Israeli court considers landmark property law cases

Ali Ayyad stands close to the Cliff Hotel The Cliff Hotel is on a hill in a strategic location in Abu Dis, on the outskirts of Jerusalem

An Israeli border guard gives a warning shout as we approach the Cliff Hotel at Abu Dis, on the edge of Jerusalem.

"We're too close now. I'm not comfortable. They are monitoring us from the roof and I don't want to provoke anyone," Ali Ayyad tells me.

The large building, erected by his father in 1954, was originally for residential use. It was converted into a hotel in the 1960s, and for many years Mr Ayyad was the manager.

"This is where I met my wife and many of my long-time friends. My daughters came here after they were born. We lived on the third floor. It was not just a home, it was a way of life," he recalls.

"It's got one of the most gorgeous views of Jerusalem you can imagine. We had 36 bedrooms and bathrooms and guests came from all across Europe. We had a beautiful garden with olive trees. Now that's destroyed."

In 1996, as the hotel was being renovated in a period of optimism following the Oslo Peace Accord, the Israeli army took it over citing a security need. However, it later withdrew after legal challenges.

Since 2003, the owners have faced several further attempts by Israeli authorities to seize the building. They are currently classed as "absentees" and the Custodian of Absentee Property controls the hotel.

"It's absurd. It's a subject I keep thinking about. How can the law find somebody absent when he or she very much exists? I have to keep pinching myself to show I'm present," Mr Ayyad says.

Although he lives just 300m (1,000ft) away and has other relatives nearby, the former hotelier has a West Bank ID rather than Jerusalem residency.

The Israeli authorities now say that his building - which is close to the 1949 armistice line - falls within the boundaries of Jerusalem.

Refugees' assets

Israel's Absentee Property Law was passed in 1950.

After the war that followed the creation of the state, it was the main legal mechanism used to take over homes and land that belonged to hundreds of thousands of Palestinians who had fled or were displaced.

"It was very important. It was the first step to take control of the assets of the Palestinian refugees after the 1948 war," says Professor Haim Sandberg, a land law expert at Israel's College of Management.

Palestinian neighbourhood of Silwan in East Jerusalem The Supreme Court decision could ultimately affect many Palestinian homes in East Jerusalem

"When some years passed, the assets were sold to the Israel Development Authority and Jewish National Fund. Money was paid to the Ministry of Finance and they are holding the money maybe to one day compensate the former Palestinian refugees."

From Palestinians' point of view, the law has always been controversial. The rights of refugees are a core issue in their conflict with Israel.

However, thousands more Palestinians who live in the West Bank but own property in East Jerusalem could be affected by a Supreme Court decision expected after a hearing on Tuesday.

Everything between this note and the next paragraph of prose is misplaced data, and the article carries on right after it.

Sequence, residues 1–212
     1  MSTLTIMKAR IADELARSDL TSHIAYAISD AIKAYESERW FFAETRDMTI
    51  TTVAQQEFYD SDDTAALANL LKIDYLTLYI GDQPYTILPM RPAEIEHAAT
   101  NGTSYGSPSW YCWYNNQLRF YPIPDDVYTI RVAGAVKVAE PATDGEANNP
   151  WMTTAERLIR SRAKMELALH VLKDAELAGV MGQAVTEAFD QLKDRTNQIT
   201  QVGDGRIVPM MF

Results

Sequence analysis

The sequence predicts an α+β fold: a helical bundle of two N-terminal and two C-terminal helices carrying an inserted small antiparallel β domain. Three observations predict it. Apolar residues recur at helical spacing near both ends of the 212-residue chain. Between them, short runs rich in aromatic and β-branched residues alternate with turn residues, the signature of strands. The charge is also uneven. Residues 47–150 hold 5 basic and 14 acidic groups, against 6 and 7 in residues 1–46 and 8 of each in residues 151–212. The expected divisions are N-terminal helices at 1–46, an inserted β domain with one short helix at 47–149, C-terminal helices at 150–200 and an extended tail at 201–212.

The court is considering appeals in four cases, including that of the Cliff Hotel, where the Absentee Property Law has been applied. This may set a new precedent for its continued use.

Israel captured East Jerusalem in the 1967 war. Its annexation of the area is not recognised under international law.

Many of the Palestinians recently labelled as "absentees" have been cut off from their land by new structures like roads to Jewish settlements and Israel's separation barrier in and around the West Bank.

Sporadic application

In 2005, Israel's then-attorney general told the government to call an immediate halt to confiscating Palestinian property in East Jerusalem under the 1950 legislation. However the instruction has not always been followed.

Israel's Absentee Property Law

  • 1950: Absentee Property Law passed
  • 1967: Israel captures and annexes East Jerusalem
  • 1970: Knesset decrees East Jerusalem residents (who have Jordanian passports) not to be considered absentees in relation to property there
  • 1973: New law allows some "absentees" to claim compensation for seized property
  • 1980s: Accelerated process of settler takeover of properties in Palestinian parts of East Jerusalem. Often supported by Absentee Property Law.
  • 1992: Klugman Committee report reveals scale of above and limitations are reintroduced for a few years
  • 2004: Ministerial Committee for Jerusalem Affairs steps up use of the law
  • 2005: Attorney General orders halt to use of the law where East Jerusalem properties belong to West Bank residents, but instruction not fully heeded

"There has not been systematic use of the Absentee Property Law but there is sporadic use and as a result there have been contradictory court verdicts. That's why this is going to the Supreme Court," says Israeli lawyer Daniel Seidemann.

Several Israeli government departments contacted by the BBC did not want to comment on the court hearing.

"The Supreme Court will make its ruling on this," one official said. "Since Israel is a state of law, Palestinians can appeal to Israeli courts, as they did in this particular case."

Mr Ayyad is anxiously waiting to see what happens.

"This is my life you know, 10 years of fighting to try to get back what is ours, to be able to go to my home, to be able to have a legacy for my family like my father had for his children," he says.

Experts point out that the implications of the case could be far-reaching if Israel is given a green light to take over Palestinian-owned property around Jerusalem.

This could help cement its control over the eastern part of the holy city, which the Palestinians want as their capital under any future peace deal.

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